Marburg virus: With an 88% mortality rate, this highly contagious disease can be fatal

The World Health Organization (WHO) has declared the first outbreak in Ghana of a disease caused by the Marburg virus, which is similar to Ebola, after laboratories confirmed the diseases in two cases reported earlier this month. According to the WHO, the disease, a highly contagious hemorrhagic fever that belongs to the same family as Ebola, is transmitted to humans by direct contact with bodily fluids of infected individuals and surfaces between fruit bats and people.

Marburg has the potential to be highly dangerous and deadly: in previous outbreaks, the death rate ranged from 24% to 88%.

A 26-year-old man who entered the hospital on June 26 and died on June 27 was the first case. The second case involved a 51-year-old male patient, who entered the hospital on June 28 and died on the same day, according to the WHO, which also noted that both patients had sought care at the same hospital.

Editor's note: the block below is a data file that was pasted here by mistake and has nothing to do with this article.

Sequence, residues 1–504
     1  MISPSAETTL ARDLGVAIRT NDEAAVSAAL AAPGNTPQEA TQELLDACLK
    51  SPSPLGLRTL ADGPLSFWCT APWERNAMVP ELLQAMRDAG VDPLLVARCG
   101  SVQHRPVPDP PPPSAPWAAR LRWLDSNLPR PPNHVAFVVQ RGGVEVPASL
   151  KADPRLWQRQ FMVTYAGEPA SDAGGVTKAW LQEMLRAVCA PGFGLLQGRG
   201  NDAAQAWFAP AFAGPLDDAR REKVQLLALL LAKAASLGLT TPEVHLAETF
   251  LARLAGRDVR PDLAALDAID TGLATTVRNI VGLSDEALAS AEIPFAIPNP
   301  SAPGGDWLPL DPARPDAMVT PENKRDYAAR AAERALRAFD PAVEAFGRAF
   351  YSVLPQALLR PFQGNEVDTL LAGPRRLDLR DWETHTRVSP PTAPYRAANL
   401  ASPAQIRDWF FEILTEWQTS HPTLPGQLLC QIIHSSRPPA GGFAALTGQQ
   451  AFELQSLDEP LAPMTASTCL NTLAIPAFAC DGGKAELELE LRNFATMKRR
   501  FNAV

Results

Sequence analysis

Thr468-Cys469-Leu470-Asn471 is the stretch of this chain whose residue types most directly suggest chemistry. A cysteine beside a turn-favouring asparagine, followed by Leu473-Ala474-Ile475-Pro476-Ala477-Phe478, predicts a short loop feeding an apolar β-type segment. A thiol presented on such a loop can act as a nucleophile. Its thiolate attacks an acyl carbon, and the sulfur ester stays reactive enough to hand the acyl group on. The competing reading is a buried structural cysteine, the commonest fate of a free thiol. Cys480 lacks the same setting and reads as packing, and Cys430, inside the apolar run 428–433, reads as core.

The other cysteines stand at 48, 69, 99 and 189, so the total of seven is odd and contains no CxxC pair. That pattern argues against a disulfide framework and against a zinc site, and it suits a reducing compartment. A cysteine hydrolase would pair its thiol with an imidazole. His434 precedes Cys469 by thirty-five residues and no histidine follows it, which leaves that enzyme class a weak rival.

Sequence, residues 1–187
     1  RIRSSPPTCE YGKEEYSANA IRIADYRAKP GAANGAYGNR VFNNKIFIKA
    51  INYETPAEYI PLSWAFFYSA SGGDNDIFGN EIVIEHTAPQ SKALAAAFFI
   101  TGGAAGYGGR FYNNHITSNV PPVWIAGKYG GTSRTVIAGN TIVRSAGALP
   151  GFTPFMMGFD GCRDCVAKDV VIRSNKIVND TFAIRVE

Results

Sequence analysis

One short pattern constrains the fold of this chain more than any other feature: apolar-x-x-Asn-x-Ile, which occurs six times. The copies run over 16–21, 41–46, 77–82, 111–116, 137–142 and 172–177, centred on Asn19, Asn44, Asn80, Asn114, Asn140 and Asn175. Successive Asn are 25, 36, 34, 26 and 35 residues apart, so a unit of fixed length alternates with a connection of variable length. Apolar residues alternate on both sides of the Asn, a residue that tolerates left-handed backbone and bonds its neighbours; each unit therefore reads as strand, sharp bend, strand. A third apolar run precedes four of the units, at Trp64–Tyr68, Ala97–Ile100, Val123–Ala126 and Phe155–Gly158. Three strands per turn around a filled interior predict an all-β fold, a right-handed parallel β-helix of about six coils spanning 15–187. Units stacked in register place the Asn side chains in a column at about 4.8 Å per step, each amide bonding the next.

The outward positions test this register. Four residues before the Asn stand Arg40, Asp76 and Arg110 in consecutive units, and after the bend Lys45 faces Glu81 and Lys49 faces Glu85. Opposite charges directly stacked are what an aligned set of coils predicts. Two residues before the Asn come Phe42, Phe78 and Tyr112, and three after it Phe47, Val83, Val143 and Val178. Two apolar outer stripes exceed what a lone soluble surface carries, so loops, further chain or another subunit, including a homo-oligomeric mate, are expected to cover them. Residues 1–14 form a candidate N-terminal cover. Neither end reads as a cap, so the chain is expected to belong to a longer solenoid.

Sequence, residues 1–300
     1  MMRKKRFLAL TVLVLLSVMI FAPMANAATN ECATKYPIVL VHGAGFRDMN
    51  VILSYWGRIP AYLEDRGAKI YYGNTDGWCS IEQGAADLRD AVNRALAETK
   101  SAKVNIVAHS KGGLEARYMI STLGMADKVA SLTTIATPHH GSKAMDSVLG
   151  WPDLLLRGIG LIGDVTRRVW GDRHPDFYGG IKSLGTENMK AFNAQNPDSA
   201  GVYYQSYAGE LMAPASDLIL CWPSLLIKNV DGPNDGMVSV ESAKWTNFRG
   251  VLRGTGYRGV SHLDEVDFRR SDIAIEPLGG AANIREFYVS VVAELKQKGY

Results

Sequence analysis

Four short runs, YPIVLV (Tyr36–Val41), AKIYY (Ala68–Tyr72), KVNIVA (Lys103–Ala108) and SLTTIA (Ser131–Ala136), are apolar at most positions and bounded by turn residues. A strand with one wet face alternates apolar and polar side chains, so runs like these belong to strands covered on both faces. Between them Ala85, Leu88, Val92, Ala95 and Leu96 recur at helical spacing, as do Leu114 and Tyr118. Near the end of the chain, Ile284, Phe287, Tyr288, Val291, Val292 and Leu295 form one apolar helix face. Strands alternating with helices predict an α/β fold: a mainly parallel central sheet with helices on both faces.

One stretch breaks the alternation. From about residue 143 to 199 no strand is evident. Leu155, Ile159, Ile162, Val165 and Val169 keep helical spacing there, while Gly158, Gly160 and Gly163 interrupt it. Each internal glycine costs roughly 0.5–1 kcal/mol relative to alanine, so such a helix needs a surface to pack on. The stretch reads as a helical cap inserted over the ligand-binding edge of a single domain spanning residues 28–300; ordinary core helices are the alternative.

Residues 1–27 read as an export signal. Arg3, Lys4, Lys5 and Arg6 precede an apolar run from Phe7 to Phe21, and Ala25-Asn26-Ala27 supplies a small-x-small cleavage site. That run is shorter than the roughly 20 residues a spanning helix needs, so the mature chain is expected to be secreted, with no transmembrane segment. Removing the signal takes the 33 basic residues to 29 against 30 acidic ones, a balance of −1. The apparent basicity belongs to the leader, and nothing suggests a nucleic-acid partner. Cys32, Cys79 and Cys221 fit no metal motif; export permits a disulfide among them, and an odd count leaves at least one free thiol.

Samples from two unrelated, deceased patients from the southern Ashanti region of Ghana were found to be positive in preliminary investigations; Nevertheless, he was sent to the Institut Pasteur in Dakar, Senegal, for further confirmation. Ghana’s Noguchi Memorial Institute for Medical Research was supported by the laboratory of the United Nations Agency for Health, according to a statement issued by the WHO on Sunday. According to WHO, more than 90 contacts, including community members and health professionals, have been found and are being tracked.

“Health officials have responded rapidly, have begun to prepare for a potential outbreak,” said WHO’s regional director for Africa, Dr. Matshidiso Moeti said. “This is good because without immediate and decisive action, Marburg could easily get out of hand. WHO is supporting health officials and now that the outbreak has been declared, we are marshalling more resources to respond “

The pandemic represents the second time the disease has been identified in West Africa, after a case was confirmed in Guinea in August. More than five weeks later, the outbreak was officially declared in Guinea. According to the WHO, there have been previous Marburg outbreaks and cases alone in Angola, Congo, Kenya, South Africa and Uganda.

(with agency input)

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